By the time Ruth made her famous declaration to Naomi, Ruthâ€™s Israelite husband was already deceased. This was after Ruthâ€™s marriage, not before it. This means that Ruthâ€™s marriage to Machlon, which lasted about ten years, was an interfaith marriage! I can only imagine that Ruthâ€™s great love for Naomi was based on the fact that throughout the period of the marriage and beyond Naomi accepted Ruth for who she wasâ€”making Ruth feel valued and loved.
So often today I hear a Jewish mother lament when her son marries a woman who isnâ€™t Jewish: â€śSheâ€™s a lovely girl. If ONLY she were Jewishâ€¦â€ť I can only imagine how this must make the daughter-in-law feel: that sheâ€™s not quite good enough, that sheâ€™s second class. Thatâ€™s not how Naomi treated Ruth. While the text may go out of its way to call her â€śRuth the Moabite,â€ť to Naomi she was simply â€śRuthâ€ť: beloved daughter-in-law. And what a remarkable mother-in-law Naomi must have been for Ruth to want to leave her own land and her own people to return to Naomiâ€™s homeland with her after Machlon had died.
Just imagine what it would be like today if Jewish parentsâ€”and the Jewish community as a wholeâ€”could be as non-judgmental and accepting of their childrenâ€™s interfaith marriages as Naomi must have been of Machlonâ€™s marriage to Ruth. Surely some of the children-in-law, like Ruth, would fall in love with their extended Jewish family and the Jewish people and religion, and choose after a period of time to become Jewish. We see this happen all of the time: Someone whoâ€™s had a Jewish partner for a number of years converting after truly knowing what it means to be Jewish. (As a rabbi, I would much prefer that someone wait to convert until theyâ€™re sure that itâ€™s right for them, rather than converting to appease a prospective in-law or just make things â€śeasierâ€ť when getting married. A conversion just to make someone else happy seems to me to be â€śemptyâ€ť and insincere.)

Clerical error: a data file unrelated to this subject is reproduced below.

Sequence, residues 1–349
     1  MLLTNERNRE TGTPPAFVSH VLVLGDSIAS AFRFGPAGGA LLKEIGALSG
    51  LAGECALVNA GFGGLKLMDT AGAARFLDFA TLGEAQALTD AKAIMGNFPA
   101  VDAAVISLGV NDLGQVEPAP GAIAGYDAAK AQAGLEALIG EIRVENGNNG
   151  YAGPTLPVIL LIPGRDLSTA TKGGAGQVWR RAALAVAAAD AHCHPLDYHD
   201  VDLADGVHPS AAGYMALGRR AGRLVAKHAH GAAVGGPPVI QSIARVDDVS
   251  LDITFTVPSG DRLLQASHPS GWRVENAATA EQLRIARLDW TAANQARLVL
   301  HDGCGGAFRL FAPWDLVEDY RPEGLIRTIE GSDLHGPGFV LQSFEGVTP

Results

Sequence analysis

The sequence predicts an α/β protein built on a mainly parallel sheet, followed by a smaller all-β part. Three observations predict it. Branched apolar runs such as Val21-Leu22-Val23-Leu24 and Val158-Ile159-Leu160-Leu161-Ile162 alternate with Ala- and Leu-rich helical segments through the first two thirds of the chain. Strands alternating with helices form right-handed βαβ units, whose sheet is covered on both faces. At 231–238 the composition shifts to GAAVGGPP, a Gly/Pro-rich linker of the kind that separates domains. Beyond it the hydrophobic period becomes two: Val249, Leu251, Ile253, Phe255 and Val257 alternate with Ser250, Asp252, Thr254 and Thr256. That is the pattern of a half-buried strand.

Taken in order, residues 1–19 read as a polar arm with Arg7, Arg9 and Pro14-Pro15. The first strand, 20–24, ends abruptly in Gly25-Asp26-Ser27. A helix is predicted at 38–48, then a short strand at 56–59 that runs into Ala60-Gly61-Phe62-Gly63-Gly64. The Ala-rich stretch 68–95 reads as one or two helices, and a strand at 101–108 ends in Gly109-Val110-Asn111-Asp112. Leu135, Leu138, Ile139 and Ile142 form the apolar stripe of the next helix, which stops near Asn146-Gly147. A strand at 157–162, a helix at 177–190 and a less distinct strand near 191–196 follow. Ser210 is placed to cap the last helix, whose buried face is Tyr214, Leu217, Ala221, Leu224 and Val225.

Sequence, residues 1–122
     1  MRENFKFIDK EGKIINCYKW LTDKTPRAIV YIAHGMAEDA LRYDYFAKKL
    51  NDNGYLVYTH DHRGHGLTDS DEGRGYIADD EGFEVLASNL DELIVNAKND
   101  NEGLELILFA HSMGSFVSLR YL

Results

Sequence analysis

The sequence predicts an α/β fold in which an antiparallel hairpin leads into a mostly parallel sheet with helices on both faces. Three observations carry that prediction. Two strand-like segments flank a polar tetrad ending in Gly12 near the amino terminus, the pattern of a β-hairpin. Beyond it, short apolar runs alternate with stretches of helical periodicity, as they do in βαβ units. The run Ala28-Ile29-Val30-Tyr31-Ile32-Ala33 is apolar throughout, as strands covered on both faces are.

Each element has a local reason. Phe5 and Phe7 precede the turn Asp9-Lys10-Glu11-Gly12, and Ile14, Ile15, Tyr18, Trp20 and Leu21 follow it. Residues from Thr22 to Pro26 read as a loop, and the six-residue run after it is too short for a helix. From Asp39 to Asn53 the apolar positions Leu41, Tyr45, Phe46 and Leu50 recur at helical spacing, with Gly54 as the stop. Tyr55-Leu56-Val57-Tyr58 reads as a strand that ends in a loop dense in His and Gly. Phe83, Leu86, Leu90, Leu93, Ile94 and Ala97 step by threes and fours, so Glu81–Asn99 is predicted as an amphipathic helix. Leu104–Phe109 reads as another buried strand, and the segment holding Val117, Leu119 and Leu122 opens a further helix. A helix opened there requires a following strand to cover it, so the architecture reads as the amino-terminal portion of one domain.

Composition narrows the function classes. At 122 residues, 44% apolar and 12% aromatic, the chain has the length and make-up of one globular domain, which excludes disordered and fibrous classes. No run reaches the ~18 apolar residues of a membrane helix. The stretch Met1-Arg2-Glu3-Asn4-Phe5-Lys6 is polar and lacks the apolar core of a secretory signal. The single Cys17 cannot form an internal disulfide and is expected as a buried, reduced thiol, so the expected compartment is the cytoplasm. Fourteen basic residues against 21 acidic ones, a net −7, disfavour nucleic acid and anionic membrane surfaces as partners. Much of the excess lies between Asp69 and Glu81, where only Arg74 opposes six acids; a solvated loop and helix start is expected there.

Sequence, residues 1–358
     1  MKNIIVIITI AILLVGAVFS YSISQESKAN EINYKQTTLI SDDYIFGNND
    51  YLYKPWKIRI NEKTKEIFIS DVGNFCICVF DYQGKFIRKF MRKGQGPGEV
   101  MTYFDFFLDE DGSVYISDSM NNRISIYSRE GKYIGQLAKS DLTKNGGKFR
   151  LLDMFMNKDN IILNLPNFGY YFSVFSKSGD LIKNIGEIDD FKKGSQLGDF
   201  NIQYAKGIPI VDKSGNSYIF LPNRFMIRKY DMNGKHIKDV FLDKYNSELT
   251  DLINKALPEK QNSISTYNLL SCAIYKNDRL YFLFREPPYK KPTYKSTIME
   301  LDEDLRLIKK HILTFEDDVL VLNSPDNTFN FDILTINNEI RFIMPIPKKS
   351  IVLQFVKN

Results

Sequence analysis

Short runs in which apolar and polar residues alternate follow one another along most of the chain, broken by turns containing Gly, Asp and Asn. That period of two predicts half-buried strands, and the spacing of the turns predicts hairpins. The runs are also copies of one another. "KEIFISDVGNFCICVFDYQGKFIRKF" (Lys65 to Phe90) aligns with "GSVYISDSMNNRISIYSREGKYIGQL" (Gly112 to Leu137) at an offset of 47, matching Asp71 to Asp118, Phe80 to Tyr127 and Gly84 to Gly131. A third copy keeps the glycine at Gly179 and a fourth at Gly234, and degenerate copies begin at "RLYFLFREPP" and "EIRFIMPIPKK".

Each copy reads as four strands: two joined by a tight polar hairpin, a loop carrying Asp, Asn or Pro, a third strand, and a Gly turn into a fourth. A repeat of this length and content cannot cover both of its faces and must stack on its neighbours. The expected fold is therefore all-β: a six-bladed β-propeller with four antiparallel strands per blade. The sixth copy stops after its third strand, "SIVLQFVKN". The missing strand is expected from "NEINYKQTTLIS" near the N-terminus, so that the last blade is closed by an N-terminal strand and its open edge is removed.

Of course even if parents-in-law and the Jewish community are non-judgmental and accepting of interfaith marriages, not every partner in an interfaith marriage who didnâ€™t grow up Jewish is going to convert. Some people wonâ€™t convert because they still practice another religion, and others will decideâ€”for a variety of reasonsâ€”that conversion to Judaism isnâ€™t for them. And thatâ€™s OK too! Our community needs to honor those whoâ€™ve chosen to marry Jews, but who havenâ€™t chosen Judaism for themselvesâ€”just as Naomi showed Ruth respect throughout the time that she was married to Machlon. As Naomi realized throughout the marriage, it wasnâ€™t her place to tell her daughter-in-law how to live her life or what choices she should make. Naomi loved Ruth for who she WASâ€”not for what she WANTED Ruth to be.
At the end of the Book of Ruth, Ruth gives birth to Obed, who is the father of Jesse, who is the father of David. Ruth â€śthe Moabiteâ€ť who was in an interfaith marriage to Machlon is the great-grandmother of Davidâ€”not only a great King of Israel, but the progenitor of the Messiah.
Soon it will be Shavuot. Itâ€™s customary to read the Book of Ruth on Shavuot, the holiday when we celebrate Matan Torah, the Giving of the Torah. Itâ€™s quite appropriate to read the story of a woman who demonstrated her loyalty to Judaism on the holiday on which we celebrate the giving of the Torah to the Jewish people. As Shavuot approaches, I will celebrate Ruth, who wasnâ€™t raised Jewish, from our Jewish past. And I will also celebrate all of those people in our Jewish present who werenâ€™t raised Jewish: those whoâ€™ve chosen to convert to Judaism as well as those whoâ€™ve chosen to join their lives to the Jewish community in less formal ways (by marrying Jews, by raising Jewish children and by participating in the life of the Jewish community). All of them, like Ruth before them, help us to ensure the Jewish future.